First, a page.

Madawaska Valley has just released an in-depth study of Kamaniskeg Lake.
The purpose was to determine the causes of the impaired water quality detected at the municipal water treatment plant. Water quality in the North Basin is currently experiencing elevated levels of colour, turbidity and nutrients that are challenging to treat at the Water Treatment Plant.
The Study uses historical, current and predictive information to help understand the water quality of the Lake. Extensive physical, chemical, and bacteriological data was collected through the study. Surface water and sediment samples were analyzed from 22 locations during the spring, summer and fall of 2009. The hydraulic conditions of the Lake were monitored and modeled by Environment Canada.
The research shows the primary contributors of nutrients to Kamaniskeg are the creeks and tributaries which drain the surrounding landscape, the septic systems along the short of the Lake, and the Barry’s Bay Waste Water Treatment Plant. It is well known that increases in nutrient concentrations, particularly phosphorus can lead to eutrophication.
Eutrophication can lead to a loss of enjoyment of the water for recreational, aesthetic and economic uses. The treatment of eutrophic water as a drinking source is costly, and the quality of treated water produced is reduced; often tasting organic.
The research suggests that the main source of water quality impairment is the drainage from the surrounding landscape that enters the lake through several tributaries.
Water quality in the tributaries contains significantly greater concentrations of nutrients, suspended solids, colour,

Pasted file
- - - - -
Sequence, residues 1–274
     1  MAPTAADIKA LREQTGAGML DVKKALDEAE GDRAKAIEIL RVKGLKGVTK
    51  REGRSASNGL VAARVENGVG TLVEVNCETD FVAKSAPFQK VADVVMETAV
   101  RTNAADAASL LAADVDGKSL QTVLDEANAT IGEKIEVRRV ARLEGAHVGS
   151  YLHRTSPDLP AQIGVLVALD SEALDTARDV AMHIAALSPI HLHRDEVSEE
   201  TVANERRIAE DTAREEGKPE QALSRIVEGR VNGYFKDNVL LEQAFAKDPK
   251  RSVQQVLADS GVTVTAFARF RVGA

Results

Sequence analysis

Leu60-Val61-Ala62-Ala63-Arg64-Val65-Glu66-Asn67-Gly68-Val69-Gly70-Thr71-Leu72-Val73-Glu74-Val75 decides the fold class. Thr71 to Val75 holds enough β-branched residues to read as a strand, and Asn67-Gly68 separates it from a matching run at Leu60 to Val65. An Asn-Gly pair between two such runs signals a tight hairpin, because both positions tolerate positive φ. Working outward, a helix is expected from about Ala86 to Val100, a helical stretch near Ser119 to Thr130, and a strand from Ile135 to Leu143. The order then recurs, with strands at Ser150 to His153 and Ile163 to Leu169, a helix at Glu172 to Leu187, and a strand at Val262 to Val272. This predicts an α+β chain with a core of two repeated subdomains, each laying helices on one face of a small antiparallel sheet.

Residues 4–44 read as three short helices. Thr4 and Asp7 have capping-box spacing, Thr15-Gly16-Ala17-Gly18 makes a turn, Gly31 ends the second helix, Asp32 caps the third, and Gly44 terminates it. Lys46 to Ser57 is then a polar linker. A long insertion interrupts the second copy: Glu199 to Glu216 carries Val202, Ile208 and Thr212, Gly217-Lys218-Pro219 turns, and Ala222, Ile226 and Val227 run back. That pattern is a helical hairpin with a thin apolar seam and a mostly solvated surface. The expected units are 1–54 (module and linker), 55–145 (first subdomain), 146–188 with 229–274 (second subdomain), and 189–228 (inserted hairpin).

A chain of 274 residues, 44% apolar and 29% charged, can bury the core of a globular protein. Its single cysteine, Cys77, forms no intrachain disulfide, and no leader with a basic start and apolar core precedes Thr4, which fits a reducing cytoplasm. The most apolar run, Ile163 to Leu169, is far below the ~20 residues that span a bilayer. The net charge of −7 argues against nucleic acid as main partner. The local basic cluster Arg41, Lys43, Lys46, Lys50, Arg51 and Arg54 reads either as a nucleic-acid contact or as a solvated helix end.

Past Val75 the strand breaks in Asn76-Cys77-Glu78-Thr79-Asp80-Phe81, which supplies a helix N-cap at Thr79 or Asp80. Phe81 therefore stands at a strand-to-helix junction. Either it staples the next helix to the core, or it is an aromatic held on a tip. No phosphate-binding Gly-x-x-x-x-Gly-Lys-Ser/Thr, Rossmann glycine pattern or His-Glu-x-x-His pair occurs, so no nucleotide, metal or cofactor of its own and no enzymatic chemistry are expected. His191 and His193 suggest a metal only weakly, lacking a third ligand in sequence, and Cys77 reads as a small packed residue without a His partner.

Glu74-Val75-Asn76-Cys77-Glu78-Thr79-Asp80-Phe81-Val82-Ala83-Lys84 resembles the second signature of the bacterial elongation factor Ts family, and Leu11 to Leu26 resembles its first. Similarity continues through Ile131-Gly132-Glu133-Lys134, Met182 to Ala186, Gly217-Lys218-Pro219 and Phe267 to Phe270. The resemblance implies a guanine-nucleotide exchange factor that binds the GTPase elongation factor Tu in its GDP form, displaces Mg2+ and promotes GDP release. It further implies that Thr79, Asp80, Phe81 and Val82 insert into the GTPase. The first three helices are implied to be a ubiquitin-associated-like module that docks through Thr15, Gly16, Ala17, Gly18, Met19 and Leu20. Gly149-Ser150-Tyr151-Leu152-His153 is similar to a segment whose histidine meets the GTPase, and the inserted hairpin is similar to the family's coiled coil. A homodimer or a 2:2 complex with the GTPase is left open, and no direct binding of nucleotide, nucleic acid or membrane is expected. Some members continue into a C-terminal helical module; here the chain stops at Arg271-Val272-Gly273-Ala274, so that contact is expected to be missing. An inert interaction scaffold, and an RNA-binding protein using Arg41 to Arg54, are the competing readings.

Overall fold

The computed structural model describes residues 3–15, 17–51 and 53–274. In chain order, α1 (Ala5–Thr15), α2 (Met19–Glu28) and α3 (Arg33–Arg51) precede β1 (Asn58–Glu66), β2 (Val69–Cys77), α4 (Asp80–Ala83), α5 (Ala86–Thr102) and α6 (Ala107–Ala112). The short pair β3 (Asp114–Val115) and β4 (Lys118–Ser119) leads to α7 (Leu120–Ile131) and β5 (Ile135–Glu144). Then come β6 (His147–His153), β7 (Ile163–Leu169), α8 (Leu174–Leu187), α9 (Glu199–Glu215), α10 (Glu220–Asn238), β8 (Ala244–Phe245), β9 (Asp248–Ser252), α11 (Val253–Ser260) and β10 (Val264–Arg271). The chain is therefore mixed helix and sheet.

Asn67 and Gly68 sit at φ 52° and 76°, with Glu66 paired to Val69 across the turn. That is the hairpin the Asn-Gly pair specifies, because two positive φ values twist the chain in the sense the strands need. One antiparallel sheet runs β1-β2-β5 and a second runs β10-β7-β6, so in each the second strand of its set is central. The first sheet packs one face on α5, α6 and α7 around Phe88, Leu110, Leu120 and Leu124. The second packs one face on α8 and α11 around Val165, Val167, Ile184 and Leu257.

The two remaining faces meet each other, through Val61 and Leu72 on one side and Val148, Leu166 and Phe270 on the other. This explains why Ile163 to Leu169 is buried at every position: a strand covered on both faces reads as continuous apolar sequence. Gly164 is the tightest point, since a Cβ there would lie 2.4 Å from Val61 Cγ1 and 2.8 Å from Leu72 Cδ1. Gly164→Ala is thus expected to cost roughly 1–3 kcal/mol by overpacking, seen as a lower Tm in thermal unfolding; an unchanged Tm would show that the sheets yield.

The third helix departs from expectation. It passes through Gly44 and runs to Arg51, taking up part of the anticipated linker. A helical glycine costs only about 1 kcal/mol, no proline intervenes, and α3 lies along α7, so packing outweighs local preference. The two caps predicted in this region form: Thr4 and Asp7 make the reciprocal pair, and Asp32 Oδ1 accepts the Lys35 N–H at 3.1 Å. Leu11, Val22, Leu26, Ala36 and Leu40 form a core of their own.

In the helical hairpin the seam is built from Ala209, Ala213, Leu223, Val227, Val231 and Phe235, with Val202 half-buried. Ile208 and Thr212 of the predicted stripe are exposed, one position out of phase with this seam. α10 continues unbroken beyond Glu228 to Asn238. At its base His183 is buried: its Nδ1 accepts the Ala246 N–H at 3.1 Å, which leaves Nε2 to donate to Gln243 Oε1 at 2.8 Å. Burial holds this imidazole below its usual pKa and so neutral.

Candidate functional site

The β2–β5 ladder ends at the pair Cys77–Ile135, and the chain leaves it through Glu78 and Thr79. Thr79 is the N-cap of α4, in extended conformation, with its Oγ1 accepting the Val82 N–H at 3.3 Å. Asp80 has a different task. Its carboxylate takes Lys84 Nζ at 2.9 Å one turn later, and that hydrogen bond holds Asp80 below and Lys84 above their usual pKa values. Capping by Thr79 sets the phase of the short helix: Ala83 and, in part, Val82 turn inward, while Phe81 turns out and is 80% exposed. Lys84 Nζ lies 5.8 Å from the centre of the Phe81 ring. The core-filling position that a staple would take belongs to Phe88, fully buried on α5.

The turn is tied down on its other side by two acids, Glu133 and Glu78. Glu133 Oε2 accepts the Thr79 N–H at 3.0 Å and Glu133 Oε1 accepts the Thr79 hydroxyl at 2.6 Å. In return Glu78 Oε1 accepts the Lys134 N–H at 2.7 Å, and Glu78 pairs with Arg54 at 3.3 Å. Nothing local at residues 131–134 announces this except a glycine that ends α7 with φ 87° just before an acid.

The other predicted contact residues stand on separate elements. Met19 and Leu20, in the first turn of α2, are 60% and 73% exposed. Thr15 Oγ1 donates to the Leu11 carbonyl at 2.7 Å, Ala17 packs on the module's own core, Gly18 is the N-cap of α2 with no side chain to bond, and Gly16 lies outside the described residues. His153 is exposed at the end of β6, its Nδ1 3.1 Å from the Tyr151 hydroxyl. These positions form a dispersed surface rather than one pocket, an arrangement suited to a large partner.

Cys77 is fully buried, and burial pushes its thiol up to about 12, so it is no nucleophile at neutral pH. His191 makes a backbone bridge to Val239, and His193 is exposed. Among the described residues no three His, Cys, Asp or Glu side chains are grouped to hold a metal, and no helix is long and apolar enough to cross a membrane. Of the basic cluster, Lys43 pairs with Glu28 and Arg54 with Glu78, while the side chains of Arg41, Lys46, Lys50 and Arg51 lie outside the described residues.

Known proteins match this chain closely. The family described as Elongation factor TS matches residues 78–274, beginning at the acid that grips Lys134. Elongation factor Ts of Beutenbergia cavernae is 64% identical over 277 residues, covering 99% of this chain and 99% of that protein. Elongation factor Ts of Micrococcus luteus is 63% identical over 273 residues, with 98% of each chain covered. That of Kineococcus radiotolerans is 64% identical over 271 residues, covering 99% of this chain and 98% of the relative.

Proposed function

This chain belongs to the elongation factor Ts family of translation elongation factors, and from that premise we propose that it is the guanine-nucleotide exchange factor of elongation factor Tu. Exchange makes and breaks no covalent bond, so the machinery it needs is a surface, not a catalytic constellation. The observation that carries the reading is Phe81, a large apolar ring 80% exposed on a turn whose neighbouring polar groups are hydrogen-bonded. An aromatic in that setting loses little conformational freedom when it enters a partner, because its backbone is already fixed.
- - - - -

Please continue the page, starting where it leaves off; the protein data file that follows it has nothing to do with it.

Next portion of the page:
turbidity and bacteria than the receiving water
within the lake. The 4 tributaries are:
- Cybulski Creek: Discharges into lake 350 meters west of the public beach. Connects Cybulski Lake, Drohan Lake & other lakes/ponds. Report estimates this creek contributes about 3x more phosphorus than existing waste water treatment plant (WWTP). High coli form concentrations in some samples indicate fecal contamination by humans or pets. It is the worst of the 4 tributaries.
- Carson Creek: Passes under Kartuzy Road. Connects with Kulas, Buch and Trout Lake. Report estimates Carson contributes 50% more phosphorus than existing WWTP.
- Biernacki Creek: Passes under Siberia Road. Discharges on west side of causeway. Total phosphorus exceeded interim PWQOs 2 of 4 samples. Could be causing impairment at WTP due to location of outlet.
- Muskrat Creek: Originates in Muskrat Lake. Passes beneath Combermere Road. Tests show there is a significant source of nutrient contribution on waterway. Due to low flow volumes the impact to Kamaniskeg is minor. If water flows were to increase, Muskrat Creek would be considered a major contributor of nutrients.
Septic systems surrounding the lakeshore are likely having an impact on phosphorus concentrations in the Lake. The proximity of the septic systems to the lakeshore and the topography and geology of the surrounding landscape are not conductive to phosphorus retention.
Though water quality is presently good in Lake Kamaniskeg, it is important that nutrient contributions be reduced as much as possible in order to prevent potential future problems as a result of nutrient loading. Impacts of nutrient loading would likely be detected in the north bay of the Lake first due to reduced flushing rate as a result of the topographical layout of the Lake and a lack of significant inflow and outflow.
The report concludes with recommendations. Here is a summary:
- Decrease loading of suspended solids. This will maintain water temperatures, protect fish habitat, decreasing nutrient inputs will slow excessive plant growth in shallow areas. Plant and maintain vegetative buffers. Leave shoreline vegetation intact. Follow best management practices during road construction and maintenance.
- Decrease Nutrient Inputs from Septic Systems. Inspection, maintenance and pumping are critical. Use environmentally friendly products.
- Decrease Nutrient Inputs from Livestock. Implement environmental best practices. Follow the Nutrient Management Act (2002). Discourage grazing of livestock on land directly upgradient of the Lake and tributaries.